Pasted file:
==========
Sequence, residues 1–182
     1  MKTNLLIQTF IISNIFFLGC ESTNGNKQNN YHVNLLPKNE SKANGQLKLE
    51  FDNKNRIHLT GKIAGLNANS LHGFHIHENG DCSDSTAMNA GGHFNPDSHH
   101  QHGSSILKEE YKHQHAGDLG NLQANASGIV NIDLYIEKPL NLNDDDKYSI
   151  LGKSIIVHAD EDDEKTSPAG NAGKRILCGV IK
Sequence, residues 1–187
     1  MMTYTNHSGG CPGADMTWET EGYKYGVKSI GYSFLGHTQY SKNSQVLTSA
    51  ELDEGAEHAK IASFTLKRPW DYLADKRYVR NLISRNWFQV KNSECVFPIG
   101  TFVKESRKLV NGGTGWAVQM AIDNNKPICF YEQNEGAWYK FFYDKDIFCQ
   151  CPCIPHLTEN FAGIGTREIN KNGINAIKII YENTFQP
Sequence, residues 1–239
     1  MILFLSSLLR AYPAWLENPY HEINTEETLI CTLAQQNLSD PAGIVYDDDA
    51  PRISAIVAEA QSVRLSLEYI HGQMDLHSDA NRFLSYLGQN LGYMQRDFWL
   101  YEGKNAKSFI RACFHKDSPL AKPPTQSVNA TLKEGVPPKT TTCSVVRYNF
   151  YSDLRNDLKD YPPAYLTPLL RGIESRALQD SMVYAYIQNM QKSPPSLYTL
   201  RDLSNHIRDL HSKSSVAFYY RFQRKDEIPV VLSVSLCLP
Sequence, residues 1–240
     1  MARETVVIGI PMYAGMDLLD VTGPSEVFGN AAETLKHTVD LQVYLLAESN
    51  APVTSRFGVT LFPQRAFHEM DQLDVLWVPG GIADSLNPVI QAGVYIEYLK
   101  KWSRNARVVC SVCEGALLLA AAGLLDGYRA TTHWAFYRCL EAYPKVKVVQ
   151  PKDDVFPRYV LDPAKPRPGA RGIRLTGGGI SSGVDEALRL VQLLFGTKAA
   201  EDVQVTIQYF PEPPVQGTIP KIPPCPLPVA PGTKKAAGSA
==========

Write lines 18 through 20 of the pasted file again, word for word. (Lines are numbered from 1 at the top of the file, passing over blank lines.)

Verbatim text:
     1  MARETVVIGI PMYAGMDLLD VTGPSEVFGN AAETLKHTVD LQVYLLAESN
    51  APVTSRFGVT LFPQRAFHEM DQLDVLWVPG GIADSLNPVI QAGVYIEYLK
   101  KWSRNARVVC SVCEGALLLA AAGLLDGYRA TTHWAFYRCL EAYPKVKVVQ